Andrew Klose successfully defended his Ph.D. dissertation on May 29. Andrew has received a National Research Council Postdoctoral Fellowship, and will begin work in July at the National Institute of Standards and Technology in Boulder, CO. Andrew will be collaborating with Dr. Chris Oates on a research task within the Optical Frequency Combs and Applications project, led by Dr. Scott Diddams.
Michael Hammen from the University of Mainz will be a visiting scientist at NSCL starting January 28, 2013 for 10 weeks to work on the High Intensity Cooler and Buncher associated with the BECOLA facility. Michael is receiving support from the Helmholtz Graduate School for Hadron and Ion Research abroad program.
Off-line laser spectroscopy of neutral iron has been performed. An iron beam was produced via electron impact ionization of ferrocene vapor. The ion beam was passed through a sodium vapor in the charge-exchange cell, and 371 nm light was used to excite Fe I. A representative spectrum is shown in the figure below. This marks the first time that the BECOLA team has produced an ion beam of interest using the so-called Metal Ions from Volatile Organic Compounds (MIVOC) technique, which was developed at JYFL .
Andrew Klose received one of three Young Scientist Awards sponsored by LA3NET at the 6th International Conference On Laser Probing (LAP2012).
Commissioning tests of the BECOLA facility is progressing. We have observed the 6S5/2 <--> 6P7/2 hyperfine spectrum of stable 55Mn-I at 403.19 nm via laser induced fluorescence. All possible transitions were observed in a single HV scan applied to the CEC. The Mn+ beam was produced in a filament (plasma) ion source. The BECOLA team will continue to explore stable beam spectroscopy for transition elements for comming radioactive beam experiments.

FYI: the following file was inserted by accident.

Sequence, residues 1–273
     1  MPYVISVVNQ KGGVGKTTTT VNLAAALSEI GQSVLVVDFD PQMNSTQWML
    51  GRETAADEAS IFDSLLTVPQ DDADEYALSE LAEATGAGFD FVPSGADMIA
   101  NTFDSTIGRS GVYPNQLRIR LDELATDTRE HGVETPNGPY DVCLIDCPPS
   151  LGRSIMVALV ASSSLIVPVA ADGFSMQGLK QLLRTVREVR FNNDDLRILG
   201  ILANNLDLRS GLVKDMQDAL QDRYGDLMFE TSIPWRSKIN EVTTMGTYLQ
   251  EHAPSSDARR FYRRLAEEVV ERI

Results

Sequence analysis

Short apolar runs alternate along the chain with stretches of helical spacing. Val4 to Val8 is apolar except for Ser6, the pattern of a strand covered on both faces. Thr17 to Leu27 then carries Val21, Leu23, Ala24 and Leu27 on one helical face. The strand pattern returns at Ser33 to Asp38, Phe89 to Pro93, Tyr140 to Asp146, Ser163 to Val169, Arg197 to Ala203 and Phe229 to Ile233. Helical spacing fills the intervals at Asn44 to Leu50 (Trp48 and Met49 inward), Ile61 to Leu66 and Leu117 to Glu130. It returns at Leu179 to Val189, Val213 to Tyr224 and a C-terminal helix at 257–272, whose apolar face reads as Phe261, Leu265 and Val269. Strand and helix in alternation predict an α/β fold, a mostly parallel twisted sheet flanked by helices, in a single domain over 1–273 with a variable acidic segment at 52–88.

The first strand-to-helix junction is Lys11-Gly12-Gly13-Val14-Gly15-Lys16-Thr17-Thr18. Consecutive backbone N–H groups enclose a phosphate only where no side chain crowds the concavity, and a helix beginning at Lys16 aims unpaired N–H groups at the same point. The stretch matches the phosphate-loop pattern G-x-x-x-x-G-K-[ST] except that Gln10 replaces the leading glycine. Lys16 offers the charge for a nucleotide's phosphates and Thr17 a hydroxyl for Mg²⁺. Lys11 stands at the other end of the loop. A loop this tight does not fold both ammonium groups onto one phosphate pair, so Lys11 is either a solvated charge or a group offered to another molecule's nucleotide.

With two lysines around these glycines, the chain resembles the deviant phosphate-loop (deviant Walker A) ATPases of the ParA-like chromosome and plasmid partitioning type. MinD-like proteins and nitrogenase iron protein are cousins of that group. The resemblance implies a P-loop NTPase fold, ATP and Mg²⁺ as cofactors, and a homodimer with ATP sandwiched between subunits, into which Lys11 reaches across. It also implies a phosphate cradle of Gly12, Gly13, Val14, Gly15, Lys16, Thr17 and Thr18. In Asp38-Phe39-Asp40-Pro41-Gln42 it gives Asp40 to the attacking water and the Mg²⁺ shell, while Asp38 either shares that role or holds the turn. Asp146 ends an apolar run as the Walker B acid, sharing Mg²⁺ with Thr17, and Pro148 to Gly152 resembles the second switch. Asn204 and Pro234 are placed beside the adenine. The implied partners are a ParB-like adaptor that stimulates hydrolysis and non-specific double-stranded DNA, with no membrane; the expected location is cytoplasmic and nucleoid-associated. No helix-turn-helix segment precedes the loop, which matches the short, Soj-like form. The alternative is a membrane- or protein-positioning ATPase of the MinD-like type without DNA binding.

Commissioning tests of the BECOLA facility have been progressing nicely. Recently, the we have observed the 4s 2S1/2 <-> 4p 2P1/2 (D1) hyperfine spectrum of stable 39K via laser induced fluorescence. A typical D1 spectrum from the commissioning tests is shown below The 39K measurement was the first time that potassium was produced using the BECOLA offline ion source, and the measurement successfully completed the commissioning of the red/infrared photon detection system. This progress is a major step forward toward realizing online measurements. The BECOLA team has a PAC 36-approved experiment to study electromagnetic moments of neutron deficient isotopes 35,36K.
The first resonance curve was observed at the BECOLA facility this month! We will continue to commission the beamline by characterizing the D1 calcium(I) line. Soon, the photon detection system for red wavelengths (700-900nm) will be complete and it will be possible to study potassium ions.
Offline production and transport of stable calcium has begun, the charge exchange cell has been loaded operated with sodium, and the photon detection system has been installed. We will observe our first resonance from calcium ions soon!
Progress on commissioning of the BECOLA facility.
Beam line construction is progressing well. Laser light passed through the beam line for the first time, and offline testing will begin in one month.
The BECOLA Beam Line.
The BECOLA group traveled to the University of Mainz in July 2010 to test the charge exchange cell (CEC). The CEC was compared to the Mainz version (LAZ). In contrast to the CEC which has a vertical configuration, the LAZ has a horizontal configuration with alkali heating in the center and two condensing regions on either end. Many parameters were compared including leakage rate, neutralization efficiency, and asymmetry of resonance signals.
The Mainz and MSU collaboration.